Write a feature article for a travel magazine

As you sit, sipping a steaming latte, you scribble in your notebook about your world travels. If you have travel stories to tell, plenty of markets are more than willing to pay for your stories about destinations, tips and your experiences on the road.

Write a feature article for a travel magazine

Lansky, PhD July 1, It would be no exaggeration to say that a magazine article sent me on the journey of a lifetime ten years ago.

Unfortunately, this experience has become increasingly familiar to more and more parents since that time.

write a feature article for a travel magazine

Inthe dramatic rise in autism rates in the U. In the spring ofwhen Max was nearly three, his preschool program called us in for a conference and recommended medical attention.

Max was becoming increasingly detached, did not make good eye contact or respond well to his name, and was manifesting self-stimulation activities like spinning.

When other children were playing outside, the teachers would find him staring raptly at a toy or animal in a classroom. Although Max was generally happy in demeanor, he had only ten or twenty words in his vocabulary and was not yet making two-word sentences.

Nor did he seem to really understand or respond to us when we spoke to him. However, he was amazingly adept with blocks and computers, knew his numbers and letters, and loved watching TV and dancing to music.

On the advice of a speech therapist friend, we did not take Max to the Stanford University clinic that had been recommended to us. Instead, she recommended an excellent language therapist in Palo Alto, California — a woman who is still the top therapist working with children like Max in our area.

As with so many other things that happened to us that fateful year, someone up there was watching out for us; notoriously impossible to get an appointment with, this therapist took Max on as a client immediately.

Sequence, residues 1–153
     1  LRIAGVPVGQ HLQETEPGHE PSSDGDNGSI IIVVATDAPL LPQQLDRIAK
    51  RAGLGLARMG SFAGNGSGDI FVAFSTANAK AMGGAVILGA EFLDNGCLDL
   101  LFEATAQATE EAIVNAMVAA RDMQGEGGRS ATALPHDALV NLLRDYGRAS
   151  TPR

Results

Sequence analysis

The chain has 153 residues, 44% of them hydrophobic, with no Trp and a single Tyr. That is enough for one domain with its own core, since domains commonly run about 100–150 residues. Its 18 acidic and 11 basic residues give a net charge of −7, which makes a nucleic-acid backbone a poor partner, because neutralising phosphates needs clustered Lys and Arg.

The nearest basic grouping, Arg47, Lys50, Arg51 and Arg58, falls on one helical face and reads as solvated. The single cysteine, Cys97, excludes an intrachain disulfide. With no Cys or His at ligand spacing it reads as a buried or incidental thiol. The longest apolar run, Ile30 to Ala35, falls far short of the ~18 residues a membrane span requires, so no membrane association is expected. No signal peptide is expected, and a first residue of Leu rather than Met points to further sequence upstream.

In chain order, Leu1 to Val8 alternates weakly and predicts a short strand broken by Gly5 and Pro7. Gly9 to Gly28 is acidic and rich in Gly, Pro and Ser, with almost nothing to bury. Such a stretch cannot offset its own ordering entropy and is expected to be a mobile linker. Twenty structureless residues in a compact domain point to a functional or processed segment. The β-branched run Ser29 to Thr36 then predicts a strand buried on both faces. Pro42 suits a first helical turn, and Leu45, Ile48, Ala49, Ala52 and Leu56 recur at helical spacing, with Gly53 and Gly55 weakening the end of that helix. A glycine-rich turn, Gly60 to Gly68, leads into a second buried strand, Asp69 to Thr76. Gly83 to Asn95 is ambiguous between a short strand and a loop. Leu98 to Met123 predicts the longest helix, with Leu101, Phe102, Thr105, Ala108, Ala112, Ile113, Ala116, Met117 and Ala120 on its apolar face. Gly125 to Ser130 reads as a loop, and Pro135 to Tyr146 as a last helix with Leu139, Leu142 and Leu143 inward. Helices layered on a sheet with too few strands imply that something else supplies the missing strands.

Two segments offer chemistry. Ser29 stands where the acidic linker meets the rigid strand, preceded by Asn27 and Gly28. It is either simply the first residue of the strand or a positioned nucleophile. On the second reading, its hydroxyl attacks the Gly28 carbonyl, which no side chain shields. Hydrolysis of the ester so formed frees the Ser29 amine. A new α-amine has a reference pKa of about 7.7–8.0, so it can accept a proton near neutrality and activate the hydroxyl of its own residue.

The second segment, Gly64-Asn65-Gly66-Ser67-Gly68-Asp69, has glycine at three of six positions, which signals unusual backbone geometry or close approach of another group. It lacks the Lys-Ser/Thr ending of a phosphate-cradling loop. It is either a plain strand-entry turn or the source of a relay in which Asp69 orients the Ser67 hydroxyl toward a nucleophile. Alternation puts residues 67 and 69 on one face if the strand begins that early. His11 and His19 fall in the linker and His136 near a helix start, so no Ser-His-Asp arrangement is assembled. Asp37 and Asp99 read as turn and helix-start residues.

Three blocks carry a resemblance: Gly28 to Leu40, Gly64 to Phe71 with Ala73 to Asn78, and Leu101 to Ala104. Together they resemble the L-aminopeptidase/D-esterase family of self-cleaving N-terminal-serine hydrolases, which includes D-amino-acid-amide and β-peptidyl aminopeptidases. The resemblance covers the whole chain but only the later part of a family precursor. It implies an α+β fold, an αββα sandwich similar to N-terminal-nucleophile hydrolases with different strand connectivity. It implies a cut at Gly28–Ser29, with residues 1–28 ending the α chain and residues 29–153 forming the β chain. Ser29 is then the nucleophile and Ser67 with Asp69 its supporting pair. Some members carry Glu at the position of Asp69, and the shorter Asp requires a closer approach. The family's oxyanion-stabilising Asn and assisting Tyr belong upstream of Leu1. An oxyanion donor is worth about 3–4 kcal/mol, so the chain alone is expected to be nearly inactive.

And rather than labeling him, she just set to work. In the summer of I also learned about the Feingold diet. Once we took milk out of his diet, a veil seemed to lift, and Max finally was able to build two-word sentences.

He was still autistic in style, but he was definitely more present. Several years later I discovered that sensitivities to milk and other foods are highly characteristic of autistic children. Other dietary changes we made at that time included avoidance of food colourings and corn.

We were heartsick but determined to try everything we could. Truly, this was my worst nightmare coming true. At that time we enrolled Max in a Montessori school, which was much better suited for him, and also tried to adopt ideas from the book Son Rise by Barry Neil Kaufman — for example, spending intensive focused individualized time with him.

Somehow, a short feature article by Judyth Reichenberg-Ullman, ND, rang a bell in me; I instinctively knew that this form of treatment could be our answer.

The next day I called an acupuncturist friend of mine and asked — where can I find a homeopath? She referred me to John Melnychuk, a practitioner who had just set up a practice in Palo Alto. Many readers are probably familiar with the use of homeopathic remedies for minor acute ailments like teething or the flu.

Homeopathic treatment is based on a single fundamental principle called the Law of Similars. The Law of Similars states that in order to treat a particular set of symptoms, one utilizes a substance that can actually produce similar symptoms in a healthy person.

For example, one way to treat the stinging eyes and runny nose of a cold would be to take Allium Cepa, made from onion — because onions can cause similar symptoms.

However, rather than taking a large dose of the substance for example, drinking onion juicehomeopaths utilize very highly potentized doses, prepared through a process of repeated dilution and shaking.

These specially prepared homeopathic remedies carry a kind of energetic signature of the original substance.Established in , Vitality magazine is one of Canada's largest publications on natural health, alternative medicine, and green living.

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The latest travel information, deals, guides and reviews from USA TODAY Travel. 5 Easy Steps to Write the Perfect Travel Article by Joe Bunting | 17 comments I used to volunteer for an organization that sent thousands of people around the world a year, most of whom kept blogs about their travel experiences.

Talking to the late John Hughes’s sons and Brat Pack favorites, David Kamp finds the writer-director was an amalgam of all his now classic characters. Time is an American weekly news magazine and news website published in New York nationwidesecretarial.com was founded in and originally run by Henry Luce.A European edition (Time Europe, formerly known as Time Atlantic) is published in London and also covers the Middle East, Africa, and, since , Latin nationwidesecretarial.com Asian edition (Time Asia) is based in Hong Kong.

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